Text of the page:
The RMS is a wonderful entry to the world of writing and publishing, particularly for people at the beginning of their career to dip their toes in. When I was in school, there were very few choral conductors who considered publishing research to be any significant part of their career. For a long time, the thinking was, “Well, I’m a conductor – I don’t do research.” With the new generation that’s coming up, I there is a bit more emphasis on the research end of things. The RMS is a great opportunity; an outlet to show them their work can be published. There’s also a realization that there is a lot of research that can be done in our field, and that it is of value to the entire community.
Q: Outside of your activities at CCM, what choral ensembles are you involved with in Cincinnati?
LBS: I direct the Cincinnati Camerata, a chamber choir of 30-32 singers. Their focus has been on a cappella and chamber music, with a long history of supporting new music. They have done premieres almost every year, and have a choral composition competition that has been in existence for about 15 years now. We also have a longstanding tradition of presenting a ‘Marian’ concert in December of music associated with Mary in many aspects, but it’s not a Christmas or holiday concert per se. Many of the singers have music degrees; it is a good opportunity for many music teachers and others who aren’t doing music professionally to sing a variety of music at a high level.
I started directing Musica Sacra two years ago. This group has been in existence for 50 years - it’s one of the longest-standing choirs in Cincinnati. It was founded by Helmut Roehrig at a time when there weren’t any choirs in Cincinnati focused on sacred choral-orchestral repertoire. I also have professional group which is more of a recording choir, called Coro Volante, that will be launched early next year.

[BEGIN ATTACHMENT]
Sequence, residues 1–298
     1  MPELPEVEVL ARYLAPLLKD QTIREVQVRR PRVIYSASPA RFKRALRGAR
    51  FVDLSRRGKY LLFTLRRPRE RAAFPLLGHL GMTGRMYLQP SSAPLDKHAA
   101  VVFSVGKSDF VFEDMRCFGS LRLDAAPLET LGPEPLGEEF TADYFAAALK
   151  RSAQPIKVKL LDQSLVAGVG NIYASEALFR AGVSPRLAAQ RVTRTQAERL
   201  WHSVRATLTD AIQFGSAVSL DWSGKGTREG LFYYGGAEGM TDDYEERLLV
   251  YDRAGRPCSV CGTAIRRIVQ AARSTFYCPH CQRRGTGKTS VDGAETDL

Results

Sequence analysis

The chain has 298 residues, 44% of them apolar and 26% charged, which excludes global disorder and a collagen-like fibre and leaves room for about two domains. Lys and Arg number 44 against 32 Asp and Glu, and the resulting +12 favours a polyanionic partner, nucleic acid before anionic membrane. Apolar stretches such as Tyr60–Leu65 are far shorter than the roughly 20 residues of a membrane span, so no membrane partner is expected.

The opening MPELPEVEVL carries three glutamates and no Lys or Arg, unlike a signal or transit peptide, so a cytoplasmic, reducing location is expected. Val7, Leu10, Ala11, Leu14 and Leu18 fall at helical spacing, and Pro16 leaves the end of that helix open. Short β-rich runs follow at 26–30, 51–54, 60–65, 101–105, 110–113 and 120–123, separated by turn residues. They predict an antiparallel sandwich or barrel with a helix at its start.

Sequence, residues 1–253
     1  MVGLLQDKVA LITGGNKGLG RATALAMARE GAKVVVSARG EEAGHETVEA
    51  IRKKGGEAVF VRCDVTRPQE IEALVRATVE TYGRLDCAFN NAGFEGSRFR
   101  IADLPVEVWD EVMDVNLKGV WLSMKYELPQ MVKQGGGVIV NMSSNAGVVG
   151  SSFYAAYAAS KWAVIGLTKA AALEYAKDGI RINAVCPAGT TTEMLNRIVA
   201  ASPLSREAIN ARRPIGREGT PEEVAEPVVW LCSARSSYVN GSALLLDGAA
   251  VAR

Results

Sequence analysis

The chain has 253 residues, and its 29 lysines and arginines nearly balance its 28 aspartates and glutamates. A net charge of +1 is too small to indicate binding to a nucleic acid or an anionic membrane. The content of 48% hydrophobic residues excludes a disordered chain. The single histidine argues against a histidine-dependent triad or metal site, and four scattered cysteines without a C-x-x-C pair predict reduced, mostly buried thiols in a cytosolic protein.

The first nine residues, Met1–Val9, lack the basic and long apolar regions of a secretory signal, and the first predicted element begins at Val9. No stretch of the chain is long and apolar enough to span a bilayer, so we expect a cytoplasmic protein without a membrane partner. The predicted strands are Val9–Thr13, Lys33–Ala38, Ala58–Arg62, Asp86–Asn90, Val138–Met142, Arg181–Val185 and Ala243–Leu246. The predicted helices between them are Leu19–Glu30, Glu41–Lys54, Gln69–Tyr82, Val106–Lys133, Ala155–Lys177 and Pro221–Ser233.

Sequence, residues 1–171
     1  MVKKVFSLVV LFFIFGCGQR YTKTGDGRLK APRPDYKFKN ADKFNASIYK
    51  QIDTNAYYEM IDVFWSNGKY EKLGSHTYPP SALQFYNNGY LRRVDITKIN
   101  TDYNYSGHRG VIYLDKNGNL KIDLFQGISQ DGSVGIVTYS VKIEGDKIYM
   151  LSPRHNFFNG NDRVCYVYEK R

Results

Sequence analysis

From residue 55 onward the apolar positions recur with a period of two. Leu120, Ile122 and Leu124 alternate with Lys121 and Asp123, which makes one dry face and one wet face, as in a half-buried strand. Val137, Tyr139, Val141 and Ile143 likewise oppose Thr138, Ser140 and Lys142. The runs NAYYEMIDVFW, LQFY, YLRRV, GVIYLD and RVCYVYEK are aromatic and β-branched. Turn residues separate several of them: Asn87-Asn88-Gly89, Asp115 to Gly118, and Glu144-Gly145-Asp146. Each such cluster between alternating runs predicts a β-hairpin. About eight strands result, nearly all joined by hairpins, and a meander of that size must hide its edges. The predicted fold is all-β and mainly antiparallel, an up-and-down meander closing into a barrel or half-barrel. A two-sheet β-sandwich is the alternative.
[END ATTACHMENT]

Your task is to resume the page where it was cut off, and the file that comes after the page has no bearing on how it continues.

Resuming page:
Q: Tell us about one big success in one of your choruses that you’re really proud of.
LBS: The Camerata does a lot of collaborations with other community organizations. We just did a concert opera with NANOWorks, Cincinnati’s contemporary opera company, and concert:nova, our contemporary instrumental ensemble. We had Cincinnati Public Schools students participate as the children’s choir, the opera department at CCM provided the stage director, and many CCM students were soloists in the production as well. I thought it was a great example of how collaboration can work. It was a lot of work, but something that is important to us. Even as an amateur organization with a fairly limited budget, we want to be instigators of collaboration and do interesting things that we couldn’t do on our own.
Q: What’s something you have your eye on for the future?
LBS: Musica Sacra tends to do shorter programs, and I’d like to see us start cycling through the Handel oratorios. There’s no one in Cincinnati who is really doing that, other than the Messiah – maybe there have been a couple performances of Israel in Egypt. There are multiple organizations that focus on Bach, but no group really doing the major Handel works.
"My relationship with Chorus America has changed over time depending on my situation, but it’s been a constant. And I think that shows the broad umbrella that Chorus America is."
In the Camerata, in a couple years we are going to build a program around the Catulli Carmina, the second part of the Carl Orff triptych (which also includes Carmina Burana). I’m working with dance faculty at CCM, a dance troupe in Cincinnati, and concert:nova again, as well as the Young Professionals Choral Collective – this music is right up their alley. It’s the first time we’ll have worked with a dance company. We’re also in talks with the Contemporary Arts Center to have them host the event in one of their galleries. That’s the next big project.
Q: What’s the biggest challenge facing a chorus of yours today?